Reader R.J. objects to my post yesterday on statistics cited by columnists Richard M. Leving and Glenn Sacks showing that the myth of the “second shift” for working wives is just that, a myth, and that when you count hours spent on a job outside the home to hours spent at home doing housework, it seems that husbands actually work just as hard as, if not harder than their wives. (see my “Actually, Husbands Work Harder Than Wives,” March 27.) I quipped: “Your guy is sacked out in front ot the tube because he’s tired.” That seemed particularly to irritate R.J.:

“I think these studies are a tad meaningless because the types of work that husbands and wives do (whether paid or unpaid) vary so widely from couple to couple. Some men have very demanding jobs (not in terms of number of hours worked, but other factors), some have less demanding jobs; some people have more flexibility in their work than others do, and some people work more efficiently and/or have higher energy levels than others. I don’t think it’s possible to control for all of these factors and come up with a definitive answer as to who works “harder.” Nor do I think it really matters. Each couple has to work out their own strategy for balancing work and leisure and meeting the needs of everyone in the family, and that can’t be accomplished with strict records and time sheets.

“That disclaimer aside–I, as a housewife, do take strong exception to the idea that men, in general, work “much harder” than women. Men, in general, do very different work than women do. I don’t consider myself an easily-offended person, but I suppose I am offended by the idea that my husband deserves to sack out in front of the TV when he gets home because he’s ‘tired.’ I don’t doubt that he is tired. I am also tired. The difference between his ‘tired’ and my “tired” is that his ‘tired’ earns money for the family, and any reasonable person would understand that he needs an occasional break from the work that makes him ‘tired.’ My work, on the other hand, earns no money. It also ‘earns’ no breaks. I don’t get to go home from work. My home is my work. If I am tired, I still have to work. If I am sick, I still have to work. If I go on “vacation” with my husband and we take the kids, guess what? I’m still working! I’ve just taken the same show on the road.

“No, my life isn’t one of constant drudgery. I wouldn’t be a housewife if I hated it. I have other options. There are many aspects of my work–and my schedule–that I like. But my husband feels the same way about his job. Yes, he works many hours. But he enjoys what he does, and he receives more than just monetary rewards for it. I’m very grateful that my husband has a strong work ethic, and that he is able to provide so amply for our family. But he couldn’t do what he does if I didn’t do what I do–work very long and hard, even when I’m “tired.” I don’t expect my husband to share the housework 50/50. That would be silly and unnecessary. I don’t expect him to come home and do ‘chores.’ I do expect him to show a minimal amount of respect for the work that goes into running a household. At the risk of sounding like a whiny housewife, I don’t think it’s respectful to come home and habitually fall asleep in front of the TV just because you’re tired.”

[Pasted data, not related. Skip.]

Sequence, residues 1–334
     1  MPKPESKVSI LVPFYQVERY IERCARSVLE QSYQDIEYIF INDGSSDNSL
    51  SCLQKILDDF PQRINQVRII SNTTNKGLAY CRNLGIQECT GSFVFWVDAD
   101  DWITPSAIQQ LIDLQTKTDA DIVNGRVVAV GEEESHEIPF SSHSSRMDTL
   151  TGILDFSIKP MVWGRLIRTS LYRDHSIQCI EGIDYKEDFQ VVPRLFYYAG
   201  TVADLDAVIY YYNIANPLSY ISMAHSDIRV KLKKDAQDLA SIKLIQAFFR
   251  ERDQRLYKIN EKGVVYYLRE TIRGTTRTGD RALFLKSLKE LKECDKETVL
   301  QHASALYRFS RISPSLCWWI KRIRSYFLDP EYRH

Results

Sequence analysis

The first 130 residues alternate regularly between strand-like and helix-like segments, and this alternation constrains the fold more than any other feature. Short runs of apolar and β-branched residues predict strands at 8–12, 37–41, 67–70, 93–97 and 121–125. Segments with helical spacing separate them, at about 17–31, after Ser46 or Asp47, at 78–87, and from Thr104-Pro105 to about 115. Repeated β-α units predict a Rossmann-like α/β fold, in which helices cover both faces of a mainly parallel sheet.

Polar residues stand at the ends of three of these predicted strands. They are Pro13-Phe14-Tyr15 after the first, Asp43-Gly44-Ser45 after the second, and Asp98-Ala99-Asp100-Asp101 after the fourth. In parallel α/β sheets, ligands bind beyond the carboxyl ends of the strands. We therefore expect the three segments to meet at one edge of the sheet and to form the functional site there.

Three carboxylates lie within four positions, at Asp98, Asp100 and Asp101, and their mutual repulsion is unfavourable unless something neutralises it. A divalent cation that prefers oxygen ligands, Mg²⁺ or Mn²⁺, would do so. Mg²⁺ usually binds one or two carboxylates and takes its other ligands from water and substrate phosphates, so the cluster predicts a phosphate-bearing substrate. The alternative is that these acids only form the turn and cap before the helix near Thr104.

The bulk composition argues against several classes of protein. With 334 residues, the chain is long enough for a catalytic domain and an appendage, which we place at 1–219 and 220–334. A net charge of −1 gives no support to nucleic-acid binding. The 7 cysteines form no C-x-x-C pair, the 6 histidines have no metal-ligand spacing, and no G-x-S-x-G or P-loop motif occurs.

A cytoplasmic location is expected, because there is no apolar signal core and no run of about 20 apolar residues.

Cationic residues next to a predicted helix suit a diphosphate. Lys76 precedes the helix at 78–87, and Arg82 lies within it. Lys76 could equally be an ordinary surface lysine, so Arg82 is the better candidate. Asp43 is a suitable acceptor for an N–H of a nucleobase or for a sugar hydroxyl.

I agree with you completely on this point, R.J.: men and women in general tend to do very different kinds of work. But the studies cited by Leving and Sacks didn’t measure the relative difficulty, mental or physical, of the kind of work they do, just the number of hours they put in.

I’m with you, though, on this point: husbands ought to show even more than a “minimal amount” of respect for what their wives do around the house. Keeping a household, especially a household with children, on an even keel is demanding managerial work, and stay-at-home wives and mothers deserve to be honored, not to be subjected to the barrage of disdain that feminist ideologues level at them.